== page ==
AMYOTROPHIC LATERAL SCLEROSIS
Amyotrophic lateral sclerosis, also known as ALS or Lou Gehrig’s disease is a disease where nerve cells controlling muscle function degenerate. In most cases, we do not know why someone develops ALS. In about 10% of cases, it is genetic. In addition to weakness in the arms and legs, patients may experience trouble speaking, swallowing, and breathing. Although there are treatments that can slow the progression of ALS there is no cure. The average patient with ALS dies 3-4 years after the onset of their disease.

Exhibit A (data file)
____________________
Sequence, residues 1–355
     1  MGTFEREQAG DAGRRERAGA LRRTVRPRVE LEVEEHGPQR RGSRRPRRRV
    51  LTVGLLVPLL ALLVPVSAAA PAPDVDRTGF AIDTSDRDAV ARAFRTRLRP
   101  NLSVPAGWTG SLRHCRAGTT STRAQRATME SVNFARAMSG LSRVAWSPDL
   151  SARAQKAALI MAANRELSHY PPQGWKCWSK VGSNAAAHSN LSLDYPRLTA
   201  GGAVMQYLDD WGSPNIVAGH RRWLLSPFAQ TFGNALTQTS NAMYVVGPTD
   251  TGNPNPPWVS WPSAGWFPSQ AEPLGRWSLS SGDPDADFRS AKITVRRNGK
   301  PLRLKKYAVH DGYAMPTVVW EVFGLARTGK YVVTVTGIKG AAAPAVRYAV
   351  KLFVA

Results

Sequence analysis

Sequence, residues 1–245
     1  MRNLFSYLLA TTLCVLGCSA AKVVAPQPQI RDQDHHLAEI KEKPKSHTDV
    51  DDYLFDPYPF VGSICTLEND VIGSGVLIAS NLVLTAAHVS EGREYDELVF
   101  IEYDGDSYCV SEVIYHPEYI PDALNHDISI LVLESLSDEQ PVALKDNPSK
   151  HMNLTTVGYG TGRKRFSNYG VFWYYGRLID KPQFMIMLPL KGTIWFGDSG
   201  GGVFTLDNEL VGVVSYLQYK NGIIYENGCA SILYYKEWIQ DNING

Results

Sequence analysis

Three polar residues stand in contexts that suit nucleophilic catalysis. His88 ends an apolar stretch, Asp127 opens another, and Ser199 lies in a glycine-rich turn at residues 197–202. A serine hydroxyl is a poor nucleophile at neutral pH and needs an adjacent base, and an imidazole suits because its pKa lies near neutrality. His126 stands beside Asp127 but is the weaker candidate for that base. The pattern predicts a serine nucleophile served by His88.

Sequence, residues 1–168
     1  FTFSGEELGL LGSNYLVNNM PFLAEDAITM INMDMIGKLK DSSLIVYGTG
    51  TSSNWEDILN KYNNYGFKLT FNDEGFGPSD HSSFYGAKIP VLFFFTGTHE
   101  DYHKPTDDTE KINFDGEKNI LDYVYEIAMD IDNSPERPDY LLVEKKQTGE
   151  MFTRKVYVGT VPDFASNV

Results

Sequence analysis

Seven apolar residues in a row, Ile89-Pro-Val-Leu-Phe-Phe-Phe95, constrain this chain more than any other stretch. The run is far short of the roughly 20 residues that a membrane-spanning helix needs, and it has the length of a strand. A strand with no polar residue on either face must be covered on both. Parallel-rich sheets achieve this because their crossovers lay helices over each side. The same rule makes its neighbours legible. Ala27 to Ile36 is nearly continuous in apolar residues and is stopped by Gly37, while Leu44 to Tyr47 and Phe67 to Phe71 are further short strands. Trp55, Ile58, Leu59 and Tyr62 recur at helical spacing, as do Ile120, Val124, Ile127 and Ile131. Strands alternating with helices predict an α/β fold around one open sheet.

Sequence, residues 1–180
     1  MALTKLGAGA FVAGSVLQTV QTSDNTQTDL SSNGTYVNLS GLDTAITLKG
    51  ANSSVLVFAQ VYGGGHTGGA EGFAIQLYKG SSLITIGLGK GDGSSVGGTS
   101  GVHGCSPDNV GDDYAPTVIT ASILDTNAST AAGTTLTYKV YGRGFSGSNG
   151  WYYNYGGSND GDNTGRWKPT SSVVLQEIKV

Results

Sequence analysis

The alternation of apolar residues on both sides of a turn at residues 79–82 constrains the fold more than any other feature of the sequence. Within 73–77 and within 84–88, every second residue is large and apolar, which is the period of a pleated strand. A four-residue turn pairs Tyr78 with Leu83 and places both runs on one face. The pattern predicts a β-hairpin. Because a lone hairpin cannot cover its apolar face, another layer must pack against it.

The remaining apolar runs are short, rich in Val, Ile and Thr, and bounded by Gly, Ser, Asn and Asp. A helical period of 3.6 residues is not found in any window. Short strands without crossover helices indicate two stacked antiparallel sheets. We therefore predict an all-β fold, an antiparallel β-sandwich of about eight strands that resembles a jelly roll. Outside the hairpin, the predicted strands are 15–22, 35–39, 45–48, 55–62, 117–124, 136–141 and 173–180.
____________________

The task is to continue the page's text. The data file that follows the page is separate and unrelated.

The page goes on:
Most neurologists see only a couple of patients with ALS each year. Given the complexities of diagnosis and the dire prognosis, you should have a clinician with vast experience and training to make sure the diagnosis and treatment are correct. Over the last 20 years, Dr. Saperstein has diagnosed and cared for over 1,000 individuals with ALS. At the Center for Complex Neurology, you can benefit from this experience and knowledge to ensure that you get state-of-the-art diagnosis and care.